Why the 2020 campaign is now in 'totally uncharted waters'
From rallies and conventions to canvassing on busy sidewalks, crowds and elections go hand in hand. But the 2020 election will be the first in the United States since the deadly coronavirus pandemic. And journalist Jeff Greenfield, in an article for Politico, contemplates how the pandemic could affect this year’s election.
“For the 200-day stretch of campaign that still stands between now and November 5,” Greenfield writes, “it has also brought home a stark new reality. Though the primary has followed a largely traditional path, it is now clear that long before we hit November, campaigns will be in totally uncharted waters.”
Greenfield asks, “What kind of a campaign can you even run if the key element of a campaign — regular, in-person visits to battleground states — is off the table? How do you mount a get-out-the-vote campaign if door-to-door canvassing and sign-up efforts at mass rallies are out of the question?”
The journalist goes on to explain that he discussed this subject with both Republican and Democratic “veterans of past campaigns,” asking for their insights on campaigning in the age of coronavirus.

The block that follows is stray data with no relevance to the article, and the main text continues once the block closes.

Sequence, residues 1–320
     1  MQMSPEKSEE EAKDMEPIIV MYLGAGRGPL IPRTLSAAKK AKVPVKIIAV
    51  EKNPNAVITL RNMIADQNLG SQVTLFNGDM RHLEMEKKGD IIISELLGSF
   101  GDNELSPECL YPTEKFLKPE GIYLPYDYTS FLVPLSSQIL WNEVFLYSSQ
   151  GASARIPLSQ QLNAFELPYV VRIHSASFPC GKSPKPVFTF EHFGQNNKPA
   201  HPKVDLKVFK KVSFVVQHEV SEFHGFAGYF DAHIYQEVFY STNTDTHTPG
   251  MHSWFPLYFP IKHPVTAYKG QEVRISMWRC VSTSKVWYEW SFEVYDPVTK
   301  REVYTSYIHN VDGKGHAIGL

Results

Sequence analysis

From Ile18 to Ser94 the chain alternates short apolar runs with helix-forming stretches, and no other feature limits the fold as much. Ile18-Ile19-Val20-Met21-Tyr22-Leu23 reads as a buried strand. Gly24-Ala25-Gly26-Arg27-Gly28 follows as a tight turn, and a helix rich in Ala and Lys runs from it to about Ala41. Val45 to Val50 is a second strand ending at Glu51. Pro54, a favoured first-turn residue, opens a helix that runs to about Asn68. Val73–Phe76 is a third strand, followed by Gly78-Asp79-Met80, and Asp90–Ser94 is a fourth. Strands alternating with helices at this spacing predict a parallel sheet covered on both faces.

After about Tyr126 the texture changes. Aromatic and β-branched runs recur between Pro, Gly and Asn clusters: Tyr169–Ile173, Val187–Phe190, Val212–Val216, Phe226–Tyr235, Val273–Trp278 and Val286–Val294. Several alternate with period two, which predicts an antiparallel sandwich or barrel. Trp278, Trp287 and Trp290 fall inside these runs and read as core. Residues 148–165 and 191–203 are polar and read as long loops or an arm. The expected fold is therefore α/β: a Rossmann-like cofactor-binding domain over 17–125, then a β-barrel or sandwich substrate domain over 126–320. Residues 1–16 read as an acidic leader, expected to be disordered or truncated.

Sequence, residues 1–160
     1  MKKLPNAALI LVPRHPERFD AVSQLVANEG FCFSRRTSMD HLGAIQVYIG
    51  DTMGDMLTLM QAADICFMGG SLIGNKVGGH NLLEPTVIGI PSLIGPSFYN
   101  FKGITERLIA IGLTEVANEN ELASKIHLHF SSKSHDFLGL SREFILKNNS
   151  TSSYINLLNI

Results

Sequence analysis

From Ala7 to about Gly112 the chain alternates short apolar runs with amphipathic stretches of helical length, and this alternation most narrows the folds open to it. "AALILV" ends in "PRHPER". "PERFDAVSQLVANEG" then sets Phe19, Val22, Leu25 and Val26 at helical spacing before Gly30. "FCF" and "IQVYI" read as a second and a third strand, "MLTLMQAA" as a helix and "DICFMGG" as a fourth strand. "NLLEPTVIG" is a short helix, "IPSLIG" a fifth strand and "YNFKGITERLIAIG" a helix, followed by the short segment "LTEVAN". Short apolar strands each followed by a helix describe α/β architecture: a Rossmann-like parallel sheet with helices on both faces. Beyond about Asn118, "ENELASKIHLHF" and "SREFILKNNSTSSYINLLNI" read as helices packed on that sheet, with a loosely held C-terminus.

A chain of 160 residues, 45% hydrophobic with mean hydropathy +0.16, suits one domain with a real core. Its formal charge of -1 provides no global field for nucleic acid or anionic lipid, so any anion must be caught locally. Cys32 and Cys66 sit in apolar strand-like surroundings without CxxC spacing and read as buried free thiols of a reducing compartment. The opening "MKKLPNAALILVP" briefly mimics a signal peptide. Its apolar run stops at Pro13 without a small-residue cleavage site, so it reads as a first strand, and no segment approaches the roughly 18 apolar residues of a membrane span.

David Axelrod, former campaign manager for President Barack Obama, told Politico, “Conventions may be an anachronism, but they do provide four nights of network coverage and a guaranteed national audience — the impact of which is magnified by the enthusiasm of a crowd.”
Veteran Democratic strategist Robert Shrum believes that former Vice President Joe Biden — the only remaining candidate in the 2020 Democratic presidential primary — can use technology to be “reassuring.”
“If I was with the Biden campaign,” Shrum told Politico, “I’d work long and hard at shaping an acceptance speech that’s more of a ‘fireside chat.’ I’d forget about shaping sound bites and go for a narrative and a logical consistency. You have to deliver them in a conversational way. And I think Biden can pull this off. One of the things that people think is a weakness is a strength. He’s reassuring, not a revolutionary.”
A long-time GOP operative, Mike Murphy, recommends getting Hollywood involved in the election.
“I’d call Hollywood and say, ‘We need a great 90-minute movie.... and start thinking about this now.’ Hollywood people know how to do this better than political hacks.”
Democratic strategist Joe Trippi recalls that when he worked on former Vermont Gov. Howard Dean’s presidential campaign in 2004, it was necessary to use the internet for fundraising — and 16 years later, according to Trippi, the internet is even more crucial for campaigns.
“In ’04, we did the internet because we had to,” Trippi told Politico. “We had to create a whole different way of doing it. The necessity is there again.”